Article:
design of the communication and cognitive tasks of working with
software, including the visual user interface), forcing functions
are divided into triggers and constraints. A
trigger is a design element where an initial user action
automatically results in another action, such as when closing a
software application prompts the user to first save her work. A
constraint is a rule stating under what conditions an action
is allowed, and prevents actions that would violate a constraint.
Requiring a driver to have his foot on the brake before shifting
into reverse is a constraint, as is graying out menu items in a
software application inapplicable to its current state. Returning
to this case, having a new hypoglycemic order (the glargine
insulin) prompt a corollary order for glucose checks within a CPOE
system (a trigger) is simple. It is more subtle, however, to detect
conditions arising other than when an order is placed, such as when
an existing order is discontinued or expires, as in this case, when
the discontinuation of the glucose checks failed to prompt
providers to reconsider the existing insulin order. Building in
this type of forcing function requires an if-then rule,
stating “if a hypoglycemic is on the medication list,
then glucose checks must be on the nurses’ work
list.” Each time the orders are altered, the decision support
rules must be scanned to see if the new state resulting from the
proposed action violates any constraint; if so, an appropriate
remedy is suggested to the ordering clinician. Systems that permit
an unsafe action under current conditions, such as administering
insulin in the absence of glucose checks, are termed
underconstrained.

While building a rule-based decision support
system might appear straightforward, the number of interactions
among rules becomes very large when implemented in systems of even
moderate complexity. Unanticipated interactions become difficult to
predict and control.(5) The
labor of producing and maintaining the rule base is large, and
interruptions to clinician workflow become frequent. Interruptions
in the form of alerts decrease user acceptance, and “alert
fatigue” develops quickly (6),
rendering the safety checks ineffective.
“Noninterruptive” decision support, which alerts the
user about a potential issue without diverting him or her from the
current task, may enjoy better user acceptance and cause less alert
fatigue. Examples of noninterruptive support are few in currently
available clinical software but exist in other applications, such
as a word processor that indicates a spelling error with red
underlining but does not stop the user from typing. Institutions,
however, would face the difficult choice of what constraint
violations are sufficiently worrisome to warrant interruption, how
to interrupt, and what medicolegal ramifications those decisions
might have.

Even when finely honed, a single set of decision
support rules will not satisfy all users. Although it is useful to
remind many clinicians of the interaction between
angiotensin-converting enzyme inhibitors and spironolactone
(additive potassium retention)(7),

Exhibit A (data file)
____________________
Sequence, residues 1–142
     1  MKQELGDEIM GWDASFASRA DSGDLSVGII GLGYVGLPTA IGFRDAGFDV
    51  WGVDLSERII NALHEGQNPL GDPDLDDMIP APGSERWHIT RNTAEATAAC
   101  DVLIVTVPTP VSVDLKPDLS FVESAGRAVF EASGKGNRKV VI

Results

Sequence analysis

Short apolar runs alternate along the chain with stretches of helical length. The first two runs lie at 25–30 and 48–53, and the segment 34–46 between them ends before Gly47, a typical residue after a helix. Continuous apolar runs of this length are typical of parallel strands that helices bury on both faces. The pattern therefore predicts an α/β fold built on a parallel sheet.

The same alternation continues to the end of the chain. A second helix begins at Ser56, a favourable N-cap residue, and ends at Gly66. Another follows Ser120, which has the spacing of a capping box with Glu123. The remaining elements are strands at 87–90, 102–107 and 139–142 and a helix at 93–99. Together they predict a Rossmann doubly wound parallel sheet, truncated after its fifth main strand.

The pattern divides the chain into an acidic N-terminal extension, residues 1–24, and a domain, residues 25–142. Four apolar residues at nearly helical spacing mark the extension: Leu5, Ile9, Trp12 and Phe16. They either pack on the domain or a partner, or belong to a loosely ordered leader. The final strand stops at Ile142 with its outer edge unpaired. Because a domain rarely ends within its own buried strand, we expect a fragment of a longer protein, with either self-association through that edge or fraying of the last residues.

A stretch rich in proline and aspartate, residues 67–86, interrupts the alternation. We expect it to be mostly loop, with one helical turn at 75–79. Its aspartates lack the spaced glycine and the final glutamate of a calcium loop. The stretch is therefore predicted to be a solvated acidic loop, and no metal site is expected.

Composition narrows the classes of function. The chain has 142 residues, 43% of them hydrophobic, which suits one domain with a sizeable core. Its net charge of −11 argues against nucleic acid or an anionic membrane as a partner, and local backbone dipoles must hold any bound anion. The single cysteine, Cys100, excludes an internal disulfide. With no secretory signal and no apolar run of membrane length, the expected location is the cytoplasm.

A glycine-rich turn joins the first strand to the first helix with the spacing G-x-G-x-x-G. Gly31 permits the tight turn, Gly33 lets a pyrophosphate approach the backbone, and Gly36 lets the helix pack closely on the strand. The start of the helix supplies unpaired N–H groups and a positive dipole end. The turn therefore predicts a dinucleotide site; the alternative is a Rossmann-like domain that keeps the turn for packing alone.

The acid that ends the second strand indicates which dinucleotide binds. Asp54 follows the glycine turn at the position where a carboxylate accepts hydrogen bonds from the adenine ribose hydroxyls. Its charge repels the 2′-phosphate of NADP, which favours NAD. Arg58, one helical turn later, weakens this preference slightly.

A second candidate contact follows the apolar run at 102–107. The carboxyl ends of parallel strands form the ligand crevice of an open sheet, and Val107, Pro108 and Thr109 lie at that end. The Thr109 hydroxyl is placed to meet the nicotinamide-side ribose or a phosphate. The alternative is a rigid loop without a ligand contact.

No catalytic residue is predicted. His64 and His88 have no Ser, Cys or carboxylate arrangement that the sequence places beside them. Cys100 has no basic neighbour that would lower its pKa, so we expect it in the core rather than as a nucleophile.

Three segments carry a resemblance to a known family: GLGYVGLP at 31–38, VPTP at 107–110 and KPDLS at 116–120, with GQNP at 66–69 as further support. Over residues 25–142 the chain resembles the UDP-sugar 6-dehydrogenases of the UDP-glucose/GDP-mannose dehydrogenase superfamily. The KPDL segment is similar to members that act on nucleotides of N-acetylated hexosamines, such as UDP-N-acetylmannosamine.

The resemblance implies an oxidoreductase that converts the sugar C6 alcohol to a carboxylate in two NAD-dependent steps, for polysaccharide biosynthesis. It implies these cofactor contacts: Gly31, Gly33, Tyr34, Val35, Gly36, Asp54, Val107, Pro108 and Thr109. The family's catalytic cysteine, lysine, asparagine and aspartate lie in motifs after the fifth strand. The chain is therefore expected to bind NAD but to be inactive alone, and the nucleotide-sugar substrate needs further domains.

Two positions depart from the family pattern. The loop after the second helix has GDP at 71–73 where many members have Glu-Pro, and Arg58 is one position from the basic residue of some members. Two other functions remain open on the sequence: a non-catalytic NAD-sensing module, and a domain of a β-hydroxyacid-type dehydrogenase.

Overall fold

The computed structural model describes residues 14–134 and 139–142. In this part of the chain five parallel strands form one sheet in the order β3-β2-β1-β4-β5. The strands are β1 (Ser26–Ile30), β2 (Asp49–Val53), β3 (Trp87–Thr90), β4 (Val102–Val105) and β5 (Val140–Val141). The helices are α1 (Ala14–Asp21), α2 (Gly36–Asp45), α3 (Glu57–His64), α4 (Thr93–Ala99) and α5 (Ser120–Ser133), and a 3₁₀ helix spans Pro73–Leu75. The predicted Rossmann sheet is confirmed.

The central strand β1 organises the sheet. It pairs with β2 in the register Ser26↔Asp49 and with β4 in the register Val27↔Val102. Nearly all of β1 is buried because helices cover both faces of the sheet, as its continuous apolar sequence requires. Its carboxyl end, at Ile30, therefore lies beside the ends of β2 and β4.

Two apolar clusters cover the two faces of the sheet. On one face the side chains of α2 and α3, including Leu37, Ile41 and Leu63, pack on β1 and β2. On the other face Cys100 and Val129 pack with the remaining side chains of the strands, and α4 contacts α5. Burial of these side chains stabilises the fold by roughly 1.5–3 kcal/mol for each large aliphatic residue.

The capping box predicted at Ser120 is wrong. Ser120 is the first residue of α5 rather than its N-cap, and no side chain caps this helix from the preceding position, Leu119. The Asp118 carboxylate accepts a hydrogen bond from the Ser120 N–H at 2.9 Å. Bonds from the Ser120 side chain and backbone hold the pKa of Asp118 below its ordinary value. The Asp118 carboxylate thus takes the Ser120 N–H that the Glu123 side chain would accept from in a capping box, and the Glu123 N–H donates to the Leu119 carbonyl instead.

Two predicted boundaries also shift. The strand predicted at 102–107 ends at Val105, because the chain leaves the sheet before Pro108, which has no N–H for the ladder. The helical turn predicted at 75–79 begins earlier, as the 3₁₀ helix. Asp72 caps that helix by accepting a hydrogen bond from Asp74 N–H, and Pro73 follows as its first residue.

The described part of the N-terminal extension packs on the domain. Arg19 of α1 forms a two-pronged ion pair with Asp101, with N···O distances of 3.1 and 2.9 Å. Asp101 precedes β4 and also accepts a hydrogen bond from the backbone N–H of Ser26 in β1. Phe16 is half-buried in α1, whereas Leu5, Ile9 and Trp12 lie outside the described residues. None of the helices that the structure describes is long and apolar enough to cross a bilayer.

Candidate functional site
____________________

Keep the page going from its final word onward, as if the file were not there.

cardiologists who order these medications daily and are intimately
familiar with them will find an interruptive alert very unwelcome.
Unfortunately, tailoring decision support by department, or even by
individual, multiplies the cost and labor.

The benefits of CPOE depend on details of
software design, user training, and institutional
factors.(8)
Weakness in any of these elements can create opportunities for
error that did not exist in paper-based systems.(9) While many successful home-grown CPOE systems have
highly customized clinician interfaces, interface design for CPOE
has received insufficient attention from commercial vendors and
lags well behind that found in other software applications, despite
the critical human factors requirements on which safe clinical use
depends. Beyond software, vendors should develop their expertise in
the organizational factors necessary for successful health
information technology applications and bring this expertise to
customers as part of their sales package. Several studies have
demonstrated the power of specific CPOE systems to reduce error at
individual institutions, but the benefits may not apply to all CPOE
systems in all places. CPOE is undoubtedly among our most powerful
tools to enhance patient safety, but its optimal implementation
remains an unfinished science, and an active area of research,
commercial development, and entrepreneurial activity.

Take-Home Points

  • Policy- and paper-based medication
    safety improvement strategies, while useful, are limited in their
    scope, flexibility, scalability, and power.
  • Computerized provider order entry (CPOE) is a
    powerful tool to address a range of patient safety issues and a
    subject of intense national interest among payors and regulatory
    agencies.
  • Implementing CPOE is
    complex and resource intensive, holds many challenges outside the
    technical issues of implementation, and may introduce new
    risks.
  • Software design for CPOE systems is an unfinished
    science.
  • Much of the utility
    of CPOE comes from clinical decision support, the implementation
    and maintenance of which is a separate
    challenge.

Russ Cucina, MD,
MS
Assistant Professor of Medicine
Hospitalist Group & Medical Informatics
University of California, San Francisco

References